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Day #2 – Arrival – Israel & Palestine

9 March 2024
Some notes upon arrival … the juxtaposition of ‘normal’ and not normal has been the theme of my first 24 hours back in Israel.  The airport looked and felt the same, but the combination of it being Shabbat and tourism being 20% of ‘normal’ this time of year made it all too easy to navigate the often chaotic Ben Gurion visa kiosks, baggage claim and customs.  The long, lighted and iconic walkway from gates to terminal was adorned with the posters of the hostages.  I would find in the coming hours that it would impossible to hide from these smiling faces of loved ones in more joyous moments than the horrific existence they know right now.  It was a jarring and heavy addition to a walk that is often associated for me with excitement and anticipation of exploring, connection and experiencing this place.

In my effort to get ahead of the jet lag (or at least fool myself that I could), I did the thing that settles and orients me everywhere that I have travelled around the world …  I went for a run.  Today my run took me along the Tel Aviv boardwalk path just a block and half from my hotel.  It was booming and bustling with Israelis walking with families, partners and dogs.  Sitting, sipping and noshing at cafes and bars.  Again the normalcy confronted me … and I found it simultaneously affirming and jarring.  Affirmed by the energy of life and a reminder of the Israeli ability/need/coping mechanism to continue living and enjoying the joys of everyday life despite/in the shadow of/in defiance of whatever trauma or threat engulfs the nation.  It also widened my lens that is so focused on the news and images of what I read and watch and home.  Reminding me that while there are – heartbreakingly so – children who have no food, home or maybe even parents and their are children who mere kilometers away that need to get taken to dance class, need to take out the trash or want to play with their toy light saber.

And then I get to the jarring part … of the incongruity of this place (maybe of every place – there are definitely kids and families mere kilometers from my home that lack food and security.). Not far away along this very same coastline are human beings whose lives have been ended, damaged and crippled – physically, emotionally and spiritually.  And I have no idea what to do with knowledge.  That uncertainty pierces me.  I am sure, too, that if would stop my run and inquire of any one of these beach side strollers (once they got beyond the weirdness of this sweaty, bandanna clad American being so intrusive) … they would have little separation from one who was killed or taken on October 7th … or one whose life has been put in danger as were called to serve as Israel has responded.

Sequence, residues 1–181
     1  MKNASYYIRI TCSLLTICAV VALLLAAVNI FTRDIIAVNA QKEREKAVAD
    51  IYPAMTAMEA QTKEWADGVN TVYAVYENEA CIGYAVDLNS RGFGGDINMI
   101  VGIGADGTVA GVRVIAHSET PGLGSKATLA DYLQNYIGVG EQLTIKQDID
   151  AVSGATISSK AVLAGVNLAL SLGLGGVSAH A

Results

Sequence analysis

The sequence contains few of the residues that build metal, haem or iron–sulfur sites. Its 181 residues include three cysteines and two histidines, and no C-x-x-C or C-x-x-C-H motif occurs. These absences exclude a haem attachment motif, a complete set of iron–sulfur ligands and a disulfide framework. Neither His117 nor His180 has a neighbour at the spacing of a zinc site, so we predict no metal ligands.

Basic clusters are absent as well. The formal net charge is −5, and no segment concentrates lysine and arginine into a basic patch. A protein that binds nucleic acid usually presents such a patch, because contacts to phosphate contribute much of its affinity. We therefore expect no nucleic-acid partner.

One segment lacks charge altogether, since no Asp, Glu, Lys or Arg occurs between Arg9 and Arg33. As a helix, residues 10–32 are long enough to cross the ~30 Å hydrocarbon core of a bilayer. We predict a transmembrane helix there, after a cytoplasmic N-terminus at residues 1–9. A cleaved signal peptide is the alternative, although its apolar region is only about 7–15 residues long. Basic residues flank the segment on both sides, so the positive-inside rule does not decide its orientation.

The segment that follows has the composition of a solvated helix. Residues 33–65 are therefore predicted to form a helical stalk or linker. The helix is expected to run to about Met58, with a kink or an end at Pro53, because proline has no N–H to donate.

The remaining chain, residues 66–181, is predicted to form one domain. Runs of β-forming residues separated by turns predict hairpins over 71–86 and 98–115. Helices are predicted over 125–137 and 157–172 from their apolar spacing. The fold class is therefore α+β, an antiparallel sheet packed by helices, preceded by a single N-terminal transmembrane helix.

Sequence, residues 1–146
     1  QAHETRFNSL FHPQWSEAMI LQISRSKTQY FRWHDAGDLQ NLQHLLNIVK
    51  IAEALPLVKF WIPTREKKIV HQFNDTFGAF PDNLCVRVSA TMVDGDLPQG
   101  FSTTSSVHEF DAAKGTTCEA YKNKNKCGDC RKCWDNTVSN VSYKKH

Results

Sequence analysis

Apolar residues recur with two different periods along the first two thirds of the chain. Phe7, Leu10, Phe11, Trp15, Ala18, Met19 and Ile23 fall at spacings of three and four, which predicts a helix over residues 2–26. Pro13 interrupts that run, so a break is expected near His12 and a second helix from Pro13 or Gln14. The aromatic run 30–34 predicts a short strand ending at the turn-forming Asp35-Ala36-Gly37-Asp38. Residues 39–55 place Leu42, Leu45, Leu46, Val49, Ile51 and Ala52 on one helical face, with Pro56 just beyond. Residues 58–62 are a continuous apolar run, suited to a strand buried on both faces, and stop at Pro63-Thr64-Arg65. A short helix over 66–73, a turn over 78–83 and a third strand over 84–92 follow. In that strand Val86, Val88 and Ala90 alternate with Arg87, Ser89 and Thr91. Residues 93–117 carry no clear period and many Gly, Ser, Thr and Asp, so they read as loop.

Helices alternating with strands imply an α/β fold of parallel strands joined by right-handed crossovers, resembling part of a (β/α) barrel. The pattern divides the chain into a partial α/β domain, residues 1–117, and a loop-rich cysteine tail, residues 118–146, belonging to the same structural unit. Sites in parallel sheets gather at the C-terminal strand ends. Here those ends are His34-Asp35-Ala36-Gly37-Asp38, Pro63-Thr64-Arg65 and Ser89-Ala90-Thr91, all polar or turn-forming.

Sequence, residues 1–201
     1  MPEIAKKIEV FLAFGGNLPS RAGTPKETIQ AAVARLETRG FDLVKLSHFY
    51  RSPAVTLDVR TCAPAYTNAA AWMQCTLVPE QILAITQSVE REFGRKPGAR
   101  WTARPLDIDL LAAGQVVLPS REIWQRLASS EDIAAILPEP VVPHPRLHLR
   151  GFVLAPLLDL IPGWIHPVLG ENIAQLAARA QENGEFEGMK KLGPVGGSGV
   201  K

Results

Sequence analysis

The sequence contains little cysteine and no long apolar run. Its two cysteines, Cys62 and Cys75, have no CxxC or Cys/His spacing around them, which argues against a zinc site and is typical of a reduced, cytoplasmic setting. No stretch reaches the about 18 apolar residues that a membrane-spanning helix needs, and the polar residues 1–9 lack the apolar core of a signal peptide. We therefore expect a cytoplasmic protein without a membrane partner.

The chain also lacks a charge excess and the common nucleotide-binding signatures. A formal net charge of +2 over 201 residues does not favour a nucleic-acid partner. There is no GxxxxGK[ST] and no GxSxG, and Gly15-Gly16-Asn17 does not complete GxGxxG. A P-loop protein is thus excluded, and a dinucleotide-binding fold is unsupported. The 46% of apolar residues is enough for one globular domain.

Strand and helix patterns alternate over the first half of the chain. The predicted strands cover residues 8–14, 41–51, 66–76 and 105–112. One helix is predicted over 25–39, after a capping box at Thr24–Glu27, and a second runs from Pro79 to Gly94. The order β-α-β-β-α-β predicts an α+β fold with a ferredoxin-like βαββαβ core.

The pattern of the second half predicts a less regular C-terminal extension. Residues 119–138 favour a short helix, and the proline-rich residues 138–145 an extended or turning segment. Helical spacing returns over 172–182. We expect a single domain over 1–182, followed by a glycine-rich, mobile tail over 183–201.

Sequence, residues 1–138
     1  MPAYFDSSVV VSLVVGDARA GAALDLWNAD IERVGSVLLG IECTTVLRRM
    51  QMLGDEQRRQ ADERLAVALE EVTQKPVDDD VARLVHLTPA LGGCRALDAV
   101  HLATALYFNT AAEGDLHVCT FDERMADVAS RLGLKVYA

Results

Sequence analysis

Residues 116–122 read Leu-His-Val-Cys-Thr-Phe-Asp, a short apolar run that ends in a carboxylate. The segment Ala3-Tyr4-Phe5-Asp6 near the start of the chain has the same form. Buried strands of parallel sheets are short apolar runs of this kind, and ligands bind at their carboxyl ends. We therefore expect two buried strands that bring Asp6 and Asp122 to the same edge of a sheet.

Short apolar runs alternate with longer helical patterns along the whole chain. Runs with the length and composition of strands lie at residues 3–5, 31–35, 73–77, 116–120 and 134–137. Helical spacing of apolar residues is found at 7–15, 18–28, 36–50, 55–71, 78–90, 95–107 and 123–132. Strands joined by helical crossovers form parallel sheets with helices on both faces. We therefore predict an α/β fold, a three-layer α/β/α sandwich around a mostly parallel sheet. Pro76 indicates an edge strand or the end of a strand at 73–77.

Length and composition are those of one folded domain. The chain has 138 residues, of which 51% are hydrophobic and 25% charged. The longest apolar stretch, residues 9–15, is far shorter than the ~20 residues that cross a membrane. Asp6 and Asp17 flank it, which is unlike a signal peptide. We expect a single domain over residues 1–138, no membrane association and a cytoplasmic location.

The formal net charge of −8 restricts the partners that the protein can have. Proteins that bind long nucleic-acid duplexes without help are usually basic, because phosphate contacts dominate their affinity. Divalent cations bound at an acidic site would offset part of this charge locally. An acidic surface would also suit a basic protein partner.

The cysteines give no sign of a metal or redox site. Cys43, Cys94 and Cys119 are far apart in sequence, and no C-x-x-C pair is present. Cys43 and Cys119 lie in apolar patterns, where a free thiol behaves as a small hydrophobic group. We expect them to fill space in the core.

The ability for us human beings to shut out the other and her or his pain is both resilient and destructive … for us and for them.  I feel like Israel exists of the sharp edge of this tool in the human tool box.

My first day ended at what is currently called ‘Hostage Square.’  Since October 7th it has served a ground zero in Israel for families fighting for their loved ones kidnapped on that fateful day.  Some of the family members have taken up residence there since their parents, partners, siblings and children were kidnapped.  It is an overwhelming hodgepodge of tributes, installations, organizing tents, stages and merchandise stands. Every Saturday night hundreds of people (maybe thousands) gather to rally, support the families of the hostages and demand that the powers that be ‘bring them home, now!’  On this evening the focus of the rally that begins Women’s History Month is on the 19 women still in captivity.  Relatives of each women step up to the stage and tell us a little bit about their loved one.  It is poignant and heartbreaking.

The rally and my evening ends as a popular Israeli musical artist leads all gathered in signing the Israeli national anthem, Hatikvah or literally, ‘the hope.’  I know it well, having learned it a kid and having sung it at countless Jewish events throughout my life.  I wondered about the peculiarity of having a country’s anthem being about hope.  Maybe they are all about hope in some way … hope for freedom, security, prosperity.  I found myself singing along, making this anthem more of a prayer … hoping that these parents and sisters and counting and children and partners … can hold their loved ones soon.

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